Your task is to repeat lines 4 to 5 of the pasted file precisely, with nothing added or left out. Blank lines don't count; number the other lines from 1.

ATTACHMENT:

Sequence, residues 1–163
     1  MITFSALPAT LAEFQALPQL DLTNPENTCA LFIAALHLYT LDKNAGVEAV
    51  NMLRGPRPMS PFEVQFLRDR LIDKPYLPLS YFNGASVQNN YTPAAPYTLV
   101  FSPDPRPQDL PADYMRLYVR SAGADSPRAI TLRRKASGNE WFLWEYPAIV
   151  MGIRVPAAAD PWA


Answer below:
   101  FSPDPRPQDL PADYMRLYVR SAGADSPRAI TLRRKASGNE WFLWEYPAIV
   151  MGIRVPAAAD PWA